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Surgery

Endocrine Surgical Unit brings leading experience and methodology to parathyroid disease treatment

10/28/2009

Endocrine SurgeryThe UCLA Endocrine Surgical Unit is dedicated exclusively to thyroid, parathyroid and adrenal disease, offering unrivaled ability and experience along with the latest diagnostic and surgical methods and equipment.

Research confirms that experience counts when it comes to surgical treatment of parathyroid disease. Both in terms of accurate localization and surgery, centers like UCLA that evaluate and treat these patients with great frequency achieve the best outcomes.

Parathyroid disease

The parathyroid glands — four sunflower-seed-sized glands located behind the thyroid gland — control the body’s calcium levels. Primary hyperparathyroidism is characterized by high parathyroid hormone (PTH) levels in the presence of high or high-normal calcium levels. This ongoing pathologic process causes a net loss of calcium from the skeleton into the bloodstream and urine. Complications include kidney stones, osteoporosis, musculoskeletal pain, possible cardiovascular disease, and neuropsychiatric symptoms such as fatigue, anxiety, memory loss and depression.

Paratyroid disease affects approximately 1 percent of the adult population, and occurs three times more often in women than men. The risk of parathyroid disease increases with age, particularly after age 55. About 3 percent of postmenopausal women have the disorder, often complicating menopausal bone density loss.

Diagnosis and treatment

Increased understanding of the multiple adverse health effects of primary hyper-parathyroidism has prompted national expert groups to recommend parathyroid surgery for all patients in whom the biochemical diagnosis has been established.

Elevated calcium levels related to parathyroid disease are typically detected during routine blood testing. Primary hyperparathyroidism should be suspected if calcium and intact PTH levels are both elevated. Ultrasound is a useful test in diagnosing parathyroid adenomas — benign tumors of the parathyroid glands that often cause primary hyperparathyroidism — though the sensitivity is highly operator-dependent. A parathyroid scan with sestamibi is a very sensitive test for detecting and localizing parathyroid disease, especially when combined with low-dose CT and 3-dimensional imaging (SPECT/CT).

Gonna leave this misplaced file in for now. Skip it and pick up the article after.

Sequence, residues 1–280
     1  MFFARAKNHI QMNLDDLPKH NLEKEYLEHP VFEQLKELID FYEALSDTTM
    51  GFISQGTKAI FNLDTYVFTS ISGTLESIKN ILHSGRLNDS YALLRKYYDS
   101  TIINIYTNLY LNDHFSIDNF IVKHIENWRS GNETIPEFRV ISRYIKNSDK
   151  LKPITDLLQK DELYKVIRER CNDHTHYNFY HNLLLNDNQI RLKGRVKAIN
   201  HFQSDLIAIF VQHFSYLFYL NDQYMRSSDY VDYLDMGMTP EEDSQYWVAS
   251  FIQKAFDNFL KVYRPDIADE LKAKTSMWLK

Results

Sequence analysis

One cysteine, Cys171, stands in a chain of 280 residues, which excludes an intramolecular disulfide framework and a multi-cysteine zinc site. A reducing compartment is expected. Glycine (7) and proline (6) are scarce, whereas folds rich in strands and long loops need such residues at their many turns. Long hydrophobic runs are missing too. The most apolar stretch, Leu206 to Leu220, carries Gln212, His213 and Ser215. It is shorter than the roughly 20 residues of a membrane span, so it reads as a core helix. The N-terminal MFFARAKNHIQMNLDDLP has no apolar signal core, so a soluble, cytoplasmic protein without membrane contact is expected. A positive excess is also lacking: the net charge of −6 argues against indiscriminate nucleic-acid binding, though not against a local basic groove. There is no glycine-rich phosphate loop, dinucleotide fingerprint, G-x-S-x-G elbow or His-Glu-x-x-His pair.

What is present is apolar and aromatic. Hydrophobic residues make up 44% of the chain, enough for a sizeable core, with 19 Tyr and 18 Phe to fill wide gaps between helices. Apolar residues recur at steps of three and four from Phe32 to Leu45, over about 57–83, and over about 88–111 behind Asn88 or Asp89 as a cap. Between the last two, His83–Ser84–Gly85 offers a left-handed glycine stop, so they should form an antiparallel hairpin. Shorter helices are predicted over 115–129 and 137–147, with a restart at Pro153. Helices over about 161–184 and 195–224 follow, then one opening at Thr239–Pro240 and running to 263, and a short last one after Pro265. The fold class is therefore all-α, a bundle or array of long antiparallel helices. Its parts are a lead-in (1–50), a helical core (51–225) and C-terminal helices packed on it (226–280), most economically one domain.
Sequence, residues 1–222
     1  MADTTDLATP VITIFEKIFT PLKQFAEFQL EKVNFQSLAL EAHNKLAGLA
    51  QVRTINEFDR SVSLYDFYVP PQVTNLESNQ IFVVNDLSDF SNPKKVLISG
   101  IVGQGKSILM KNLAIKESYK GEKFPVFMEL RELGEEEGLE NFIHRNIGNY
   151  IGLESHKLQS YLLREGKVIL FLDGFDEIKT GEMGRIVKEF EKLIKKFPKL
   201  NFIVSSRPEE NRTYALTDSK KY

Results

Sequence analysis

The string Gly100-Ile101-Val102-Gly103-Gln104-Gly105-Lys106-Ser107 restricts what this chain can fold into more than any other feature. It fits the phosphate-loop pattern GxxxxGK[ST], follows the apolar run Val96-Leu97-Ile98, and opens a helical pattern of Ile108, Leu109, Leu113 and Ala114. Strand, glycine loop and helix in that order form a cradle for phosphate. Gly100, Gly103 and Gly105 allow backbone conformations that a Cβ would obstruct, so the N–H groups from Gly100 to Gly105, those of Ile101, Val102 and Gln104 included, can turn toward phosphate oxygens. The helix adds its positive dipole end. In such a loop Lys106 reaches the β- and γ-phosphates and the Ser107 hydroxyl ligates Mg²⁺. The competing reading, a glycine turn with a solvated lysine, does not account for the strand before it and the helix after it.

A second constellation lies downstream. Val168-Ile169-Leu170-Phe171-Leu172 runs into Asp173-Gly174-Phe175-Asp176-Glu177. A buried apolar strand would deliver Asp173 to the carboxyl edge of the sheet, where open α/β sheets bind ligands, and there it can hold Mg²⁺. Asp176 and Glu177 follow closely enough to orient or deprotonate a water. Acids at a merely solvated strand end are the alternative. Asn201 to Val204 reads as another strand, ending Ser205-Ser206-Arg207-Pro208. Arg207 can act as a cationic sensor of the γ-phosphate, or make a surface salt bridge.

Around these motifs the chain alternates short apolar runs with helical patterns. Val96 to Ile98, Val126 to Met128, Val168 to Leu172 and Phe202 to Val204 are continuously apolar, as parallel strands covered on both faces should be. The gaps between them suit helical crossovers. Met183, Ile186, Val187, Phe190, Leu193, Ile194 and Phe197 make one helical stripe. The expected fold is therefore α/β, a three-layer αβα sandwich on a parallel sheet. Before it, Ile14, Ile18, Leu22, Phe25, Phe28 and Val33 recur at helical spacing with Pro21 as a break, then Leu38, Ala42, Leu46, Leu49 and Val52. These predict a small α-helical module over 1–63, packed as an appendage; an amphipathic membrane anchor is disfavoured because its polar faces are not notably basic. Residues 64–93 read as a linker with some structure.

More than 90 percent of patients undergoing surgery for primary hyperpara-thyroidism are eligible for minimally invasive surgery, which is associated with faster recovery and less scarring. People in good general health can usually be discharged within four hours of their procedure. Those not eligible for the minimally invasive procedure often have multiple gland parathyroid disease.

At UCLA, almost all patients are given the choice between general anesthesia and light sedation in combination with a local anesthetic. The minimally invasive procedure typically lasts less than 30 minutes and involves a scar measuring 1.5 centimeters — the diameter of a penny — that is hidden within natural skin folds. Intra-operative PTH measurements can determine success of the procedure within minutes of removal of the diseased gland.

Myths about parathyroid surgery

Myth: Radio-guided parathyroid surgery improves outcomes. Multiple independent studies have found no benefit to this technique, leading nearly all expert centers to abandon it. UCLA surgeons favor pre-operative and intra-operative ultrasound for real-time parathyroid imaging.

Myth: Many patients are too elderly and/or frail to be candidates for parathyroid surgery. In its modern form, parathyroid surgery is very well tolerated and carries few complications. Studies show that elderly patients enjoy the same benefits from successful parathyroid surgery that younger individuals do.

Myth: There is no standard definition of “minimally invasive” parathyroid surgery. Though many centers may claim to offer minimally invasive procedures, only a minority truly meet objective criteria for the technique. The term “minimally invasive” is reserved for parathyroid surgery involving an incision measuring less than 2.5 cm in length. At UCLA, an incision length of 1.5 centimeters is used.

Experience yields better outcomes

“In expert hands, minimally invasive parathyroid surgery is associated with a greater than 98 percent cure rate and less than 1 percent surgical complication rate,” explains Michael Yeh, assistant professor of surgery and medicine, “This compares with success rates of only 70 percent among less experienced surgeons.”

Similarly, diagnostic tests to localize diseased parathyroid glands are 90 percent accurate when performed by experienced multidisciplinary teams such as UCLA’s, compared to 30 to 70 percent in less experienced hands. Successfully locating the diseased gland from among the four parathyroid glands is the key to being able to offer minimally invasive treatment.

While UCLA surgeons have experience with nearly all parathyroid surgical techniques, Dr. Yeh states, “We favor the focused lateral mini-incision technique, which involves an incision length of 1.5-2.0 cm. In our opinion, this method provides the most direct access to the parathyroid glands, minimizes tissue injury, and has superior cosmetic results.”

Participating Physicians

Michael Yeh, M.D.
Director, Endocrine Surgery
Assistant Professor of Surgery and Medicine (Endocrinology)

Christiaan Schiepers, M.D., Ph.D.
Professor of Molecular and Medical Pharmacology
Nuclear Medicine

Christopher Loh, M.D.
Assistant Clinical Professor
Division of Interventional Radiology
Department of Radiology

Mary Maish, M.D., MPH
Assistant Professor of Surgery
Division of Cardiothoracic Surgery

Contact Information
310-206-0585 Information and appointment scheduling
310-825-0189 Fax
http://www.endocrinesurgery.ucla.edu





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